A focus on identity through an open-ended term like ‘black’ assumes a shared experience that doesn’t necessarily exist. I don’t think that cis black men and trans black women have the same experience with blackness.

So when the left tries to turn experience into policy analysis, it fails because it assumes a shared experience that isn’t there.

You can see this tension with previous pushes for social recognition. The original Civil Rights Movement for example struggled with the inclusion of LGBT, female, and disabled black bodies because their experience was so different, it was difficult to advocate policy change/protests that recognized these differences.

The result was the erasure of LGBT, female, and disabled activism from the Civil Rights Movement.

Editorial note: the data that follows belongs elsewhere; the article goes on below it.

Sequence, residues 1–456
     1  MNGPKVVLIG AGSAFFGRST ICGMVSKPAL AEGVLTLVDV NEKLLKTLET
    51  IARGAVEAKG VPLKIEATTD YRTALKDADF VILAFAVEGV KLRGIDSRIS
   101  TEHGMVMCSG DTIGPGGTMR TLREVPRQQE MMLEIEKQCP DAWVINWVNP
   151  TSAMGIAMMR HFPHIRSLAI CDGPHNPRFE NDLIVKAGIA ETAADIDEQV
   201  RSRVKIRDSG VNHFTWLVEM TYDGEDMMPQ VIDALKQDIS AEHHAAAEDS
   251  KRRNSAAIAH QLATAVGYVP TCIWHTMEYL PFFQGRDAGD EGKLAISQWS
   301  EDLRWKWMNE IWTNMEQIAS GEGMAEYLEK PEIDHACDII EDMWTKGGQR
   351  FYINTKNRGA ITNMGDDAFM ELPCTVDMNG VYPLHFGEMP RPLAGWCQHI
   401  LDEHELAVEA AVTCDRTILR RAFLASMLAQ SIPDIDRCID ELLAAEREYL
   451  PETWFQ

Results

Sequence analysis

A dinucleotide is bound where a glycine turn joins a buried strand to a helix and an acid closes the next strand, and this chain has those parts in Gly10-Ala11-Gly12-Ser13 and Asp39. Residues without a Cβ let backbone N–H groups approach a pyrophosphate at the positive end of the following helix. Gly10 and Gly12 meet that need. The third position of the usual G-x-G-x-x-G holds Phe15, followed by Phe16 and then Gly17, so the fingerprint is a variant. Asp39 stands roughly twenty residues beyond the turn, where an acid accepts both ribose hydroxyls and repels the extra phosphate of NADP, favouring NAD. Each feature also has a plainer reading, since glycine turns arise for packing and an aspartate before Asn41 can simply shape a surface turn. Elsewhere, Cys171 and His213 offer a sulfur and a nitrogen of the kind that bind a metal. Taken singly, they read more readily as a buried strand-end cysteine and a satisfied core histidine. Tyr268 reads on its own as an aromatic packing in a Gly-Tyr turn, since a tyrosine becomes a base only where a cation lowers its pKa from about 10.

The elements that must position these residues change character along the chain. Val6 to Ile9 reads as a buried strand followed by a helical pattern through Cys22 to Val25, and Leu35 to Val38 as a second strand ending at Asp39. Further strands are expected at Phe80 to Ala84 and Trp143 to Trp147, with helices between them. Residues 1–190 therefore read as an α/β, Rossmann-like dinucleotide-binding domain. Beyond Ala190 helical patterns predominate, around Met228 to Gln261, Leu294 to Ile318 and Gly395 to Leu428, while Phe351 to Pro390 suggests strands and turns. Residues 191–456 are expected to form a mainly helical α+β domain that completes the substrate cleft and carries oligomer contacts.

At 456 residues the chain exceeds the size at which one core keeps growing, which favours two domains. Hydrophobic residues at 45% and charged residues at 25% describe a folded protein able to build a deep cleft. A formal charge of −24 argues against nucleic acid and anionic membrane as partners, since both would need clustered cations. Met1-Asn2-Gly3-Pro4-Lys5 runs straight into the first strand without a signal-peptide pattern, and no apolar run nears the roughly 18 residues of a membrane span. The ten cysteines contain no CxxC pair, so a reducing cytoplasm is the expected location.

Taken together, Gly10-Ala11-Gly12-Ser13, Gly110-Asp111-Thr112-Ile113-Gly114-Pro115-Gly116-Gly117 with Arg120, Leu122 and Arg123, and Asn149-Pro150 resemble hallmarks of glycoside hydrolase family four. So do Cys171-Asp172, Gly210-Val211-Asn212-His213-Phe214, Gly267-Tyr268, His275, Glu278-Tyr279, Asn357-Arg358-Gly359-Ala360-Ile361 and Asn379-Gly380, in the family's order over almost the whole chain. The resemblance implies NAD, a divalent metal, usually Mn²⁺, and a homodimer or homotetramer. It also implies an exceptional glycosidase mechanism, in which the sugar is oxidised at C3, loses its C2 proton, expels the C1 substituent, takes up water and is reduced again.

I see similar problems within the LGBT coalition, where ‘LGBT’ has come to mean ‘cis gay men.’ The Gay Rights Movement can push for policies that materially benefit cis gay men like gay marriage rights, but cannot lower the rate of trans women being murdered literally at all.

Objection 2: Revulsion

The second objection I have to the left’s approach to identity politics on the status quo is that I think its attempts to seek institutional recognition are nonsensical.

Now before you get upset, let me preface this by saying that I completely understand why the desire for institutional recognition is important.

My problem is not that institutional recognition is bad, but rather that people should not need institutional recognition to affirm their own sense of self. I think that too often political activism becomes so entrenched in people’s own identities that a negation of their politics is a negation of their entire notion of person-hood.

This goes beyond partisan divides, and into the left’s toxic relationship with identity in general. Political disagreements between people who agree that homophobia is bad become pissing matches when the people involved don’t agree on the method to end it.